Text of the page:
Lessons from my grandmother

My mother hard at work
Work my mother for ya children
My mother hard at work
Work my mother for ya children
My daddy he’s down
Way over, far over
Working out the cultivation
Come in with food Daddy

Come in daddy come

Come with food come

And if we should live up in the hills

Man in the Hills, Burning Spear


She used to press three grains of corn into my little hand.  I can still feel the contours like permanent imprints on my palms, that unlike my grandmother’s do not grow weary and calloused from washing other people’s clothes but from spending too many hours trying to fashion thoughts into words.
And I would take the three grains and put them carefully, reverentially into a little hole my grandmother dug with a brown-handled rusty spade. Her instructions were sparse.  She expected you to know what to do. My grandmother who had wrestled poverty and a society that chose not to see her all her life had no patience with not knowing.
My grandmother who was poto l’eglise  and hardcore PNM too besides, studiously ignored the advice of the messiah of the time Eric Williams who I hear, advised that massa day was done and that people should put down their hoes and shovels.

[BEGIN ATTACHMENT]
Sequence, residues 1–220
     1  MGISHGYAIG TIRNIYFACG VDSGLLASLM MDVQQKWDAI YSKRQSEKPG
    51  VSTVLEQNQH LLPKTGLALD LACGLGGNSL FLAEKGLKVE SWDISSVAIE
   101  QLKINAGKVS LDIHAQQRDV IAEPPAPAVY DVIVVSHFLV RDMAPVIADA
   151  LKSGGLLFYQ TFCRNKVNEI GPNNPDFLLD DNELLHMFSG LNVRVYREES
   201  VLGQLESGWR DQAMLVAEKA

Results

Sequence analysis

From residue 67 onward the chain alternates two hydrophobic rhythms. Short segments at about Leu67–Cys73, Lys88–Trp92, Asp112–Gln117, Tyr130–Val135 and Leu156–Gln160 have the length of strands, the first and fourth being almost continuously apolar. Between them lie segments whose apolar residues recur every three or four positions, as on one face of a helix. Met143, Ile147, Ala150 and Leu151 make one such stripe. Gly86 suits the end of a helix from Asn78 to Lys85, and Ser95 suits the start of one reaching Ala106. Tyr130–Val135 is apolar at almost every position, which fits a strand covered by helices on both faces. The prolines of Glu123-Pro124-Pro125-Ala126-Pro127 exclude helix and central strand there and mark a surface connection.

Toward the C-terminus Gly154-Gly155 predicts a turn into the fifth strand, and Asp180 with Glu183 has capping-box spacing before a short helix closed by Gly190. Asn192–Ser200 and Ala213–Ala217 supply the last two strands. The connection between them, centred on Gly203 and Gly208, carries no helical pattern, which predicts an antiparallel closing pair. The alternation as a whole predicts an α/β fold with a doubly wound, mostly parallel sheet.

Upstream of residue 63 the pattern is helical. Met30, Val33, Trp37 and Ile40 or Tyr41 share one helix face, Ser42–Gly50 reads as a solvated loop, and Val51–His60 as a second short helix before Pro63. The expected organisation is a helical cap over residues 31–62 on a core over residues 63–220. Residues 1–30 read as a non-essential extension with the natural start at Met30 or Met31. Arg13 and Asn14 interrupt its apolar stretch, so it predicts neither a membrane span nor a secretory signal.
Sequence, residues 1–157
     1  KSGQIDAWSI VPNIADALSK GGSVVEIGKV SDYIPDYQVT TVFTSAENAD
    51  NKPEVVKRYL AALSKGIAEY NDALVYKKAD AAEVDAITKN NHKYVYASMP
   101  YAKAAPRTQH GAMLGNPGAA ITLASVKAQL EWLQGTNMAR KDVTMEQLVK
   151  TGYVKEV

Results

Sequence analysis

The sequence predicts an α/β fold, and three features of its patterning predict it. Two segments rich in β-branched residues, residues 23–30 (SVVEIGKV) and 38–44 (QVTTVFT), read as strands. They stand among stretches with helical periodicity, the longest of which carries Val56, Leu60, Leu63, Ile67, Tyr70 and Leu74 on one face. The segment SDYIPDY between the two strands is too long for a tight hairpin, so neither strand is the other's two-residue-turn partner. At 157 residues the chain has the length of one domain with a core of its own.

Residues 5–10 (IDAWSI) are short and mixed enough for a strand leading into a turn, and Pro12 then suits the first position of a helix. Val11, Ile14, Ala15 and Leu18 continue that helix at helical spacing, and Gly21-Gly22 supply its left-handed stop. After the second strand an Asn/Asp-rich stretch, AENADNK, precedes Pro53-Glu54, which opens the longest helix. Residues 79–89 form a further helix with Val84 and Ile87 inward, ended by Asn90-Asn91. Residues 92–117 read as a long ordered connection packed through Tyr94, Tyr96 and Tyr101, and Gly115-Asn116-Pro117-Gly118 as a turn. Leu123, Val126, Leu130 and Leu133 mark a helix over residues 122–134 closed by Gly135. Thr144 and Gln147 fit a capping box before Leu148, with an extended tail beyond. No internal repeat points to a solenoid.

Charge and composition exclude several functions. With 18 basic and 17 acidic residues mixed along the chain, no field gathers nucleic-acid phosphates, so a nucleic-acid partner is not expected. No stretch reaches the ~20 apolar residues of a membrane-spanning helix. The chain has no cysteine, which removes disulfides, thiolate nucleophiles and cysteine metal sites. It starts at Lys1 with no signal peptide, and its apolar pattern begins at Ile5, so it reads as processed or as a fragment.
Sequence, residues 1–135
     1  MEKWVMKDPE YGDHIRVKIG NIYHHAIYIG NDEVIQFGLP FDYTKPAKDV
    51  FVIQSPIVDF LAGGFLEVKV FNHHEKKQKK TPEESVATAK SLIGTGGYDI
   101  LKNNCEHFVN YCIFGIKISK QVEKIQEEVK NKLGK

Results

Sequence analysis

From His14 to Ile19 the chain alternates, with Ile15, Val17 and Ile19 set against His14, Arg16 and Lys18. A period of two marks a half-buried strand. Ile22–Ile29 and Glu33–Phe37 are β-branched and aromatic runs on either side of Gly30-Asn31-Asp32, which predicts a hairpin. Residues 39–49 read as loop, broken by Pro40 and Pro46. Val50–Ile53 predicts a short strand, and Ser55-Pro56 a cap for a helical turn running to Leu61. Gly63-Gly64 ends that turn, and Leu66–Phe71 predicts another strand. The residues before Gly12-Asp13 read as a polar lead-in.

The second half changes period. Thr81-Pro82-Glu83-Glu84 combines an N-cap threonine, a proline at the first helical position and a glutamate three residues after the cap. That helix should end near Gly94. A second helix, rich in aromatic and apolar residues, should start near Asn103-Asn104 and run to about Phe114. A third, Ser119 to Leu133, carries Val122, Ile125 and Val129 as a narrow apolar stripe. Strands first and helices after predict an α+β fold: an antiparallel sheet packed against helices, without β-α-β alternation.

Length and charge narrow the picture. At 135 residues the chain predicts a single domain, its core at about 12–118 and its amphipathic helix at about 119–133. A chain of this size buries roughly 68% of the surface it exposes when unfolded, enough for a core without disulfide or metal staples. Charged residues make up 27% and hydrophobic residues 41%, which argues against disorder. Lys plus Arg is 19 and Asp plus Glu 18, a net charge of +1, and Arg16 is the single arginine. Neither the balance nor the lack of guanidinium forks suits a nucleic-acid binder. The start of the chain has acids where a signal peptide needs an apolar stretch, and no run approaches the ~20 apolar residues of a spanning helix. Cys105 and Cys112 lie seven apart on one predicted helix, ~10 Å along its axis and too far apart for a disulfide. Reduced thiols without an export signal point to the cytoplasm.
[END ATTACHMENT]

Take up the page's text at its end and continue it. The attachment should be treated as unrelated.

My grandmother who weaved magic food spells out of little.  Who no matter where she lived, always planted something.
My grandmother was no economist or environmentalist.  She was a barely literate, little piece of a woman who spoke kwéyol with my mother’s friends from Guadeloupe and St. Lucia with an effortless eloquence.
My grandmother knew the value of being able to feed yourself.
Long before Vandana Shiva described what it is to be an ecofeminist, my grandmother demanded from the women in her family a certain level of dignity, a certain amount of determination, a certain straightness of the back and independence of spirit.
My mother studied books. Plenty books to not end up washing clothes like her mother.   Books to a fault.  My mother learned from her mother the art of taking nothing and creating a feast.
I stood in the yard when I was small between two these two super women.  Watching corn grow and sorrel and peas.  My mother with her photographic memory slit Mr. Cock’s neck and dumped him in a boiling pot of water.  My grandmother expected nothing less.  She raised no wilting flowers.